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Regardless of what mode you are playing on FIFA 17, your formation is crucial. Here's our complete guide to help you analyze on what systems to use. Besides if you want to buy fifa 17 points at lowest price. Our website must be your best choice.

Whether you are playing Ultimate Team, Seasons, Career Mode or just a simple Kick-Off match in FIFA 17, you will always have to decide what formation to use. Obviously, your formation depends upon the team that you are using, but sometimes systems need to be tweaked in order to get the best out of your players. With this year's edition of the EA Sports title being the most realistic we've seen, the formations are almost spot on to how they perform in real-life.

3-5-2
Three at the back has worked tremendously for one club side, and that is Juventus. With Andrea Barzagli, Leonardo Bonucci and Giorgio Chiellini all rated 86 or higher on FIFA 17, there is no leaving the centre backs out, and explains why Italy play the exact same system. It is important with a back three that the centre-backs bring the ball out of the defence, allowing the wide midfielders or wing-backs to push up. In the 3-5-2 formation, the central midfielders will often run beyond the strikers, as the forwards often need to create the width, which is very difficult for the opponent to handle. You will need at least one pacey striker up top (Paulo Dybala), and your wide players will need serious stamina. The one worry is that sides in a 4-3-3 could get the round the back of your defence regularly.

3-4-3
Belgium have turned to a 3-4-3 formation under new manager Roberto Martinez, and with 13 goals in their last three matches, there can be no complaints. But, on FIFA 17 if you try and use the system, the opposition may drop deeper and it becomes nearly impossible to get in behind. You will need plenty of movement out wide, and a big, powerful striker who can head the ball.

4-2-3-1
4-2-3-1 is perhaps the most common formation seen in real life and on FIFA over the past few years, but it seems that it is starting to go into decline. It seems to have taken too long for managers to realise that a silky attacking midfielder is going up against two brutish defensive midfielders if everyone plays the same system, so things are starting to change. That said, 4-2-3-1 is such a reliable system on FIFA 17 as it is incredibly well-balanced, with the likes of Arsenal, France and Germany still championing it. The key area is that holding midfield partnership, as one of them will be needed to perform the box-to-box role. If you look at Germany, Sami Khedira sits back, Toni Kroos is allowed to get forward and shoot from distance, with Mesut Ozil in the number 10 position. It does seem, however, that on FIFA 17 that the number 10 can get lost in the play, often being too close to the striker or being crowded out by the opposition.

4-1-4-1
Chelsea experimented with this system, as did Manchester City, and it is a slightly more defensive system than a 4-3-3. Once again you will want an absolute wall of a man in defensive midfield, but in a 4-1-4-1, both central midfielders need to get forward. Borussia Dortmund use the system to allow Mario Gotze to get in the box, and it encourages left midfielder Marco Reus to cut inside rather than get round the box.

4-1-3-2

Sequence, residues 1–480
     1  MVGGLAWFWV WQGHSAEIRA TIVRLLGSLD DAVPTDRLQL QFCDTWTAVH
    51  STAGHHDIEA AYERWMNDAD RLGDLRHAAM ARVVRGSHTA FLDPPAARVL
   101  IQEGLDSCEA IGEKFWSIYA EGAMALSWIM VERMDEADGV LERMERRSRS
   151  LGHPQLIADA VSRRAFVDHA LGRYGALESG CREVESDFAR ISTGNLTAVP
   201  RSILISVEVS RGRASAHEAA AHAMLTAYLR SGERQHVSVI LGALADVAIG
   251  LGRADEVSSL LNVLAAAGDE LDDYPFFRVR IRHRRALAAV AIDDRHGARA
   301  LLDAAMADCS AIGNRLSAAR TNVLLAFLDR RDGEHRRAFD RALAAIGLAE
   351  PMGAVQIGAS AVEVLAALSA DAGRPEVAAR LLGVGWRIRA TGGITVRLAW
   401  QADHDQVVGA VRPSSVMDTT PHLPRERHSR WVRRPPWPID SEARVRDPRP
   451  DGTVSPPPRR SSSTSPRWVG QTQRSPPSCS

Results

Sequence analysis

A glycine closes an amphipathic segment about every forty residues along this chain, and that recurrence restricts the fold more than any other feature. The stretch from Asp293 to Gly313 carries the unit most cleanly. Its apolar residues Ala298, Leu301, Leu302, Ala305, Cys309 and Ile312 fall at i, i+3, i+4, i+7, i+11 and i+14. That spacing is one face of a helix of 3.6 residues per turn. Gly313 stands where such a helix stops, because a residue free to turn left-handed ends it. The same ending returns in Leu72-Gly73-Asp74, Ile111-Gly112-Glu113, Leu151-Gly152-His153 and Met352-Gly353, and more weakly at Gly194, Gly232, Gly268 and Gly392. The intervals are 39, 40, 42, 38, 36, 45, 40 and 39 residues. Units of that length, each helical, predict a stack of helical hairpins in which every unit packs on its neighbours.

This may not be a system that you will be familiar with, but it has become increasing popular out in Portugal, after the national side's success at Euro 2016. Benfica and Sporting Lisbon both use the formation, as well as back-to-back-to-back Europa League Champions Sevilla, and in reality it is just a slightly more defensive 4-4-2 diamond, with a hint more width. It worked for Portugal during the summer as their midfield was tough to break through (not including the 3-3 draw with Hungary), and there was plenty of space for Cristiano Ronaldo and Nani to cause havoc. This doesn't translate on to FIFA 17, as the forwards get minimal ball, and your only option is to counter attack.

4-4-2 flat
With the recent successes of Leicester City and Atletico Madird, you have to say it is truly back in business. But in the past, 4-4-2 hasn't worked very well on FIFA as the central midfielders would get caught in the middle between the attacking and defending. But thankfully, now it is different. The midfielders bring support to the attacks and in defence, and the key thing now is that the wide midfielders help out in the centre of the park. If one of the central men is out of positon, the winger will fill in and slow the attack down. But, as ever, balance is important. Don't put two attack minded midfielders in the centre of the pitch as you will get caught on the counter. Likewise, don't play two defensive players in there, as your strikers could get isolated. One of your strikers need to be pacey, with the other one good in the air, so you can kick the ball long when needed.

4-3-3 holding
There are many variations of the formation: flat, attack, defend as well as the false nine, but holding is the one you have to use. In all of the others you can be caught on the counter, but with that central defensive midfielder, you will at least have one central player not wanting to join in with the attack. With the two players alongside him, one should be a box-to-box player and the other a creator or goalscorer. I'm surprised Manchester United haven't turned to the system as Marouane Fellani would be flanked by Paul Pogba and Wayne Rooney. But, England tried that at the Euros, and well… let's not go there. You can choose whether you want a striker who goes in behind or holds the ball up, but ideally you want one who can do both, think Sergio Aguero or Romelu Lukaku.
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